World Oceans Day a Good day for Fisheries and Arctic Conservation, but much more needs to be done

On World Oceans Day, June 8, Greenpeace announced that  it had brokered an agreement between fishing companies, processors and retailers that will prevent fishing for cod in a part of the Arctic Ocean where it has not been fished previously.  (Canada has also signed on to a 5-nation Arctic Fisheries Declaration in July 2015, pledging to prevent unregulated commercial fishing in  the central Arctic Ocean).  However, the peril of the larger Canadian fishery is comprehensively described in Here’s the Catch: How to Restore Abundance to Canada’s Oceans  released by Oceana Canada on June 23, and summarized at the National Observer  .  The National Observer has reported repeatedly on the difficulties of Canada’s salmon fishery, and most recently, “Dire warnings in the battle for Atlantic Canada’s lucrative northern shrimp” (June 10).

Shell Canada marked the World Oceans Day  by transferring  its 30 offshore exploration permits in Lancaster Sound, in the Eastern Arctic, to the Nature Conservancy of Canada, which will transfer them  to the federal government, allowing the government to finalize creation of the Lancaster Sound National Marine Conservation Area, one of the richest   marine mammal areas in the world . Although the company maintains it is not related, the World Wildlife Fund had filed a lawsuit in Federal Court in Canada in  April, 2016 demanding that Shell’s  permits be declared invalid.

Also on June 8, Spanish oil and gas company Repsol abandoned drilling in the Chukchi Sea north of Alaska.  According to ThinkProgress, “The Spanish company joins the rush of oil drillers — Shell, ConocoPhillips, Eni, and Iona Energy — departing the Arctic region after concluding that offshore drilling is not worth the expense or the risk.”  CBC reported about the start of this exodus  in September 2015,  in “Oil companies give Arctic the cold shoulder ”  .

The Brookings Institute provides  a sober overview of the issues and some international research: “On World Oceans Day, a reminder that climate change action must consider the oceans” , but last word goes to Howard Breen, the Director of Urgent Ocean and Climate Rapid Response (UCORR)  in “We need tsunami of action to stop runaway ocean collapse”  (June 3)  : “Given the dire prospect of runaway ocean collapse, we must immediately build an aggressive citizen consensus that fossil fuels have absolutely no moral justification, and their urgent abolition is now critical.”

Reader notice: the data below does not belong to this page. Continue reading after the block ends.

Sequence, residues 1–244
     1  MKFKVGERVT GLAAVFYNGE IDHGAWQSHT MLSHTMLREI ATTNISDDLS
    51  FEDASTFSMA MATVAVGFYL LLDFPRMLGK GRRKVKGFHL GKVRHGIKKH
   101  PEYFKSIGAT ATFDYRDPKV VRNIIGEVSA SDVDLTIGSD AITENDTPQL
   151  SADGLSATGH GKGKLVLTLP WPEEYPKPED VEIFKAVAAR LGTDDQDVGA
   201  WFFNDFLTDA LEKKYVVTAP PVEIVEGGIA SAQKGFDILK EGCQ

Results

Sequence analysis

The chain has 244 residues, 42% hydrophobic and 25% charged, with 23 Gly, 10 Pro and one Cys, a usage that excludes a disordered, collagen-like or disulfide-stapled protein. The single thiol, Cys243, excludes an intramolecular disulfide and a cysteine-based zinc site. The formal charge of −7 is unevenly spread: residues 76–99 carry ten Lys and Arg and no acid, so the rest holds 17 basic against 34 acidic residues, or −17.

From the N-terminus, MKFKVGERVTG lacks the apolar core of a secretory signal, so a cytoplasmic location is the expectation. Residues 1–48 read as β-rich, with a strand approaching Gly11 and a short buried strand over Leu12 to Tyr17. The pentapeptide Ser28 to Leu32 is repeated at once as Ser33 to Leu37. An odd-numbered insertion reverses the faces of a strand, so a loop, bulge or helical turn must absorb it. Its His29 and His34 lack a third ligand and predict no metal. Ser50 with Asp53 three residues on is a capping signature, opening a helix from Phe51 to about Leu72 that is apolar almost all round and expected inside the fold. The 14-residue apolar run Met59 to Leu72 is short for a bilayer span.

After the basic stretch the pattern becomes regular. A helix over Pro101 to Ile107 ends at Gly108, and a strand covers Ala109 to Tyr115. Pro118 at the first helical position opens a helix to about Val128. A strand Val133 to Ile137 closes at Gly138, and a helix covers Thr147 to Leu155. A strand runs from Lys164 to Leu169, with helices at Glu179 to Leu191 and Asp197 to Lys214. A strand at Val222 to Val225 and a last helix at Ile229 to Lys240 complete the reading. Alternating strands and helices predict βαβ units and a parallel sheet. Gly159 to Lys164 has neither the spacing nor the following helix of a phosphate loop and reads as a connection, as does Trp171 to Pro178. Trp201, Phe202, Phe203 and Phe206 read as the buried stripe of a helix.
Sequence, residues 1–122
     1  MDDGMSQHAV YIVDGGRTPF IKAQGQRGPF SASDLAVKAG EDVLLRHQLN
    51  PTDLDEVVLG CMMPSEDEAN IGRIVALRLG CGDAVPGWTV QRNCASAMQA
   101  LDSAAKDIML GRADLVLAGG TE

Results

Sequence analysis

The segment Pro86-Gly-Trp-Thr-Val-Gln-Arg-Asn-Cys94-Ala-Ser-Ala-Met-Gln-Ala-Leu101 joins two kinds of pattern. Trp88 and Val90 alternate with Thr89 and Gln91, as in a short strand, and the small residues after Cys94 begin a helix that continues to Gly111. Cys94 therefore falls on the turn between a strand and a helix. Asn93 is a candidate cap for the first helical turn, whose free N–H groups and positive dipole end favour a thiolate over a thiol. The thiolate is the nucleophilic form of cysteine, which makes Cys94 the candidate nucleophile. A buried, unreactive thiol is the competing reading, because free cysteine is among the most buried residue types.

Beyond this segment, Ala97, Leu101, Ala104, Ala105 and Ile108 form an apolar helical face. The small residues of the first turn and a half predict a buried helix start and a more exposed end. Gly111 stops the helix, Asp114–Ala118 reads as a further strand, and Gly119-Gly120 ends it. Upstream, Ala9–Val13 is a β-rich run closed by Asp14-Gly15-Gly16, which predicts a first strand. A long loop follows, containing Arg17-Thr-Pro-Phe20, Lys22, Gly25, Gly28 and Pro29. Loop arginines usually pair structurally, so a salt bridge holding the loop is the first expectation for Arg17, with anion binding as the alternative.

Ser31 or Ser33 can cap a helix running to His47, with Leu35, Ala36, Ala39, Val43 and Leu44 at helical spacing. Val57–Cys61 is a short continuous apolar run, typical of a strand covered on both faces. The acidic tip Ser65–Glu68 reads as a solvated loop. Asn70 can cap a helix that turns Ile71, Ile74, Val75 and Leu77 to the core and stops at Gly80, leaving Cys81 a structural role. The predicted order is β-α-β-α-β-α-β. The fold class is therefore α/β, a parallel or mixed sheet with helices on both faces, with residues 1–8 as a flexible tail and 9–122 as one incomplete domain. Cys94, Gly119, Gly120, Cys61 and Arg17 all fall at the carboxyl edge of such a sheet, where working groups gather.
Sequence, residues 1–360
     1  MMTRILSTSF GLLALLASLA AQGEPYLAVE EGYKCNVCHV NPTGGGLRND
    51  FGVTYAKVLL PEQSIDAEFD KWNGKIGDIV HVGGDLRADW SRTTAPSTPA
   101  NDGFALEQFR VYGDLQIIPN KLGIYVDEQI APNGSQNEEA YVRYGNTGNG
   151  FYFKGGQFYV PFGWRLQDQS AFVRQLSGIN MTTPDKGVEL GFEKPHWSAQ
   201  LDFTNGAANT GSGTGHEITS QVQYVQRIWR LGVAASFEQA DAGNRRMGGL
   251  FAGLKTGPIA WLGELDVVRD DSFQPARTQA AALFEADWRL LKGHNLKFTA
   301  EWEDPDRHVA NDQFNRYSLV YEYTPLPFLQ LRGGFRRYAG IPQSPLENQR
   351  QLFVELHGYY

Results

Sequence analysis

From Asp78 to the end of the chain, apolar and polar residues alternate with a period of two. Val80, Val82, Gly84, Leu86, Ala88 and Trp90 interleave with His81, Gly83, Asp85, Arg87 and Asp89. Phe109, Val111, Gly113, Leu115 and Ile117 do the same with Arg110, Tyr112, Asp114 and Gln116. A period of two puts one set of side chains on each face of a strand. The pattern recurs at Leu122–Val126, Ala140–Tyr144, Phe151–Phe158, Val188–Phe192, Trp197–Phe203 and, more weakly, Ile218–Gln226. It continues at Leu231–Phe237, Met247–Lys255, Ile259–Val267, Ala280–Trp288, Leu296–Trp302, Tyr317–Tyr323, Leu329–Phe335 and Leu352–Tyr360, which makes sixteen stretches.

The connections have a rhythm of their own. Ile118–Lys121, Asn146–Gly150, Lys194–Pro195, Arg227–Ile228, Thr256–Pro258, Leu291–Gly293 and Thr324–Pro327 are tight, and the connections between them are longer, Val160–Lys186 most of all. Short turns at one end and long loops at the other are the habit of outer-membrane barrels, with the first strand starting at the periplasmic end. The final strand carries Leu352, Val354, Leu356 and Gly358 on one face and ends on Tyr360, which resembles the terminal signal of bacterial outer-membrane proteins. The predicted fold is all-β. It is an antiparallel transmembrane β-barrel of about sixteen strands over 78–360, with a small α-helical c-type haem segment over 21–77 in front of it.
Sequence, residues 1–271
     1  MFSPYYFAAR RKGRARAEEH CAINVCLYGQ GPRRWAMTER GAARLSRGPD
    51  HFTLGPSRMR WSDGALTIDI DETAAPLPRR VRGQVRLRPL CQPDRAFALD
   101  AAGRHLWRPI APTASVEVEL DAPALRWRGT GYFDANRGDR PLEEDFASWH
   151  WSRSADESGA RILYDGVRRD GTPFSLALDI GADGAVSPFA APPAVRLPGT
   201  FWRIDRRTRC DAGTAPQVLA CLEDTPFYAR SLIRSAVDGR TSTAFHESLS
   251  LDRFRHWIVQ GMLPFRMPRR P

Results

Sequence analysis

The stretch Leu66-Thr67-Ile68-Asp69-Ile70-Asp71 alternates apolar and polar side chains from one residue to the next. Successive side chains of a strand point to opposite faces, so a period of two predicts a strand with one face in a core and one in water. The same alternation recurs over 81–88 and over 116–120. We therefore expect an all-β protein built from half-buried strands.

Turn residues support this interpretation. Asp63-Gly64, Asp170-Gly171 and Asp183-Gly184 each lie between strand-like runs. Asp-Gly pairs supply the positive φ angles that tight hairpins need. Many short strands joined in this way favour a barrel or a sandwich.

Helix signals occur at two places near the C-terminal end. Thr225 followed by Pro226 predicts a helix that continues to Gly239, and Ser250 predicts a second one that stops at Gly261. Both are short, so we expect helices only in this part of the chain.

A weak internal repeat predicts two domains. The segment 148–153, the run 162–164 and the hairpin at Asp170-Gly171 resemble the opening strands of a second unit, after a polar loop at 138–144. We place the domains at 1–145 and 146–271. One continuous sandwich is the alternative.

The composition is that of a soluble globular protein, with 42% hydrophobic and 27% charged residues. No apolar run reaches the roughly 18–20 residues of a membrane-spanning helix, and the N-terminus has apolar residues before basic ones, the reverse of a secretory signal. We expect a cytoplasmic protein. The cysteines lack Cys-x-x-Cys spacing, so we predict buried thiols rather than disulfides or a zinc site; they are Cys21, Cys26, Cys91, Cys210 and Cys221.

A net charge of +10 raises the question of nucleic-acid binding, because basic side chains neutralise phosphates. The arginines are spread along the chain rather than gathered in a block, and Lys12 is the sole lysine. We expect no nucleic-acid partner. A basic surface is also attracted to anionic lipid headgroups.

Commercial Fisheries Still on Hold in the Arctic

Although there is currently no commercial fishing in the Arctic, the rapidly warming waters may allow for one to develop. In 2012, scientists from 67 countries called for a moratorium on such fishing pending more research, to avoid damage to fish stocks. In February 2014, the five Arctic coastal countries – Canada, the United States, Russia, Denmark and Norway – agreed to avoid commercial fishing themselves and to work to include other countries in the agreement. In March, the European Parliament passed a resolution calling for protection of the High Arctic, prohibiting fishing, and prohibiting pollution from ships and oil rigs. See “Canada agrees to work to prevent fishing in High Arctic” on the CBC website at: http://www.cbc.ca/news/canada/north/canada-agrees-to-work-to-prevent-fishing-in-high-arctic-1.2554332. As part of its extensive work on ocean conservation, The Pew Charitable Trust provides many studies on the Arctic at: http://www.pewtrusts.org/our_work_detail.aspx?id=606; documents on Ocean Conservation and overfishing are at: http://www.pewtrusts.org/our_work_category.aspx?id=134.